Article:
342 W. 1300 South, Salt Lake City ; 801-484-5737
Glass-walled, individual dining rooms add to the kitsch of this so-called seafood restaurant. Stick to standard Mexican dishes.
Hours: M-Th, 11 a.m.-9 p.m.; F-S, 11 a.m.-9:30 p.m.
Corkage: $ 0
Recommended Dishes: Enchiladas, chicken quesadilla, flan.
December 1, 2010
A roundup of Mexican flavors
By Lesli J. Neilson
I recently ate at three Salt Lake Valley Mexican restaurants, which hadnít been visited by The Tribune for more than five years. While I didnít find the overall dining experience out of this world at any of these places, I did discover some excellent menu items along the way.
Since 1995, La Morena Cafť has been housed in a nondescript building in the Fair Park neighborhood near North Temple and 1400 West. The signage is so simple itís easy to pass it by.
I think owners Maria and Manuel Ramirez must have the right idea, as the restaurant has some peculiar hours: Itís open Monday to Friday from 11 a.m. to 7 p.m. I imagine this allows the family to have a life outside of the restaurant business.
The white-walled restaurant is decorated with colorful Mexican blankets and pictures of local Latino dignitaries, and the Ramirezes keep the 27-seat place virtually spotless. The two-page menu offers the greatest-hits of Mexican cuisine: tacos, enchiladas, tostadas, burritos, chimichangas, tamales and flautas.
Rice and decent-tasting refried beans accompany nearly every dish, including a big carne asada burrito with rather tough, diced steak, lettuce, avocado and pico de gallo ($9.10), whose flavors never really seemed to come together. Iíve tasted lighter, fluffier masa that holds proteins such as pork, beef or chicken in the tamales (one for $7.45; two for $10.10).
But the real gems on the menu are the chile verde (side for $3.25; bowl for $6.25; and topped on just about any dish) and cheese-stuffed chiles rellenos, which, though fried, are light (one for $8.20; two for $11.50). Tender bits of pork mingle with onions, spices and habanero chiles, which give the chile verde its heat.
Iíve thought about that sauce more than once since my visit to La Morena. I might consider picking some up for dinner, and then heading to Hectorís Miramar to purchase some absolutely delicious flan.
Some people have a love-it or hate-it opinion about the dessert, which used to be a textural challenge for me, but not anymore. When itís done poorly, it can be rubbery and tasteless. But when itís done well, itís a tender, caramel-coated wedge that easily gives to the slice of a fork and can be devoured in minutes. Such was the case at Hectorís Miramar.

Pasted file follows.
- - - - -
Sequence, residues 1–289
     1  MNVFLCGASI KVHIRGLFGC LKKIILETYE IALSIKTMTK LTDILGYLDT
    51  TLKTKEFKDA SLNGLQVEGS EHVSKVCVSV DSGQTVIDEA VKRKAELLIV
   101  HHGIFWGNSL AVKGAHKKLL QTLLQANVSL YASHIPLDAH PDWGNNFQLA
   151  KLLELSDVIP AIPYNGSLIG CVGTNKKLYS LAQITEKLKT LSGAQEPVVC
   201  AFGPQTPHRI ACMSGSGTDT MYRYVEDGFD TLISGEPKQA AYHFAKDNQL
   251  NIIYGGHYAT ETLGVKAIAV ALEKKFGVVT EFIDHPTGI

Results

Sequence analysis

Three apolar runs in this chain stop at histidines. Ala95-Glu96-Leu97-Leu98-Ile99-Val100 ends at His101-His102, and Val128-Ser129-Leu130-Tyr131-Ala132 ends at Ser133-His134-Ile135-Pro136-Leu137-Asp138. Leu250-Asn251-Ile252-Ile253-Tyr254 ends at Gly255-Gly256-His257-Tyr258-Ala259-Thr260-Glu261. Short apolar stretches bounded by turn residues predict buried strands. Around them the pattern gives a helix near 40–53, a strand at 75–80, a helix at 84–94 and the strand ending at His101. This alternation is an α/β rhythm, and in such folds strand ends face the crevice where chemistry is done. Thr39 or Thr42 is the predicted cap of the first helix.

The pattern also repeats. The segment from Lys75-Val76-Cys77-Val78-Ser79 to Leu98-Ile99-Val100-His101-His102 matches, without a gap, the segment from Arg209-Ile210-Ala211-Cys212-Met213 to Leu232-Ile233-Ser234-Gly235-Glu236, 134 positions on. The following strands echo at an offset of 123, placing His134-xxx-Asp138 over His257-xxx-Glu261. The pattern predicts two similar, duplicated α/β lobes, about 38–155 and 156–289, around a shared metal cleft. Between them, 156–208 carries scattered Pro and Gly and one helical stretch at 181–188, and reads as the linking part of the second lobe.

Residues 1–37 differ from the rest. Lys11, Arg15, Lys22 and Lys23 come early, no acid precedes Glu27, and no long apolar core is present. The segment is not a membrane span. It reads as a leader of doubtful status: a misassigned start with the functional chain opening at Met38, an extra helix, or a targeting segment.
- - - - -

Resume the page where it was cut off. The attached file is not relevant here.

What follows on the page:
Situated just west of Nightmare on 13th, this restaurant was once a car lot. Glassed-in sales offices now serve as individual dining rooms ó perfect for families with young diners. The giant posters of commercial beer bottles on some walls arenít, however. Letís just say dťcor is not this restaurantís forte.
Hectorís Miramar may be known for its seafood. But in several of the fish dishes I sampled, I found the cod to be watery, in the case of the ceviche, and tasteless, in the case of the fish tacos, as well as the shrimp and octopus in an appetizer cocktail. With all the fresh fish thatís available now in Utah, thereís no excuse for using frozen.
Instead, diners would do better to stick with dishes such as the enchiladas and chicken quesadilla, which come with great-tasting refried beans. Beans and rice accompany nearly every dish.
At Sandyís Mi Ranchito Grill, youíre better off steering clear of Mexican standards such as the chiles rellenos, quesadilla and enchiladas. Instead, turn to dishes such as costillas de puerco (pork ribs), calabacitas a la Mexicana (squash Mexican-style), nopales a la Mexicana (diced paddle cactus) and soups such as caldo de res (meatball soup).
All of these dishes were offered at a Saturday buffet ($11.99 for adults, $3.99 for children). Thereís only one problem, which is a big one: The restaurant has stopped offering the weekend buffet. Mi Ranchito Grill is the only local Mexican restaurant Iíve ever heard of offering a buffet ó complete with made-on-the-spot, steaming tortillas. Perhaps the restaurant could pare down its buffet offerings to not take such a loss or offer the buffet at one of its other locations in American Fork, Salt Lake City or Orem.
Itís a shame, really, because my tastes have gone beyond burritos, enchiladas and quesadillas. Instead, I crave more traditional home-style Mexican cooking or cocina casera. And Iím sure others do, too.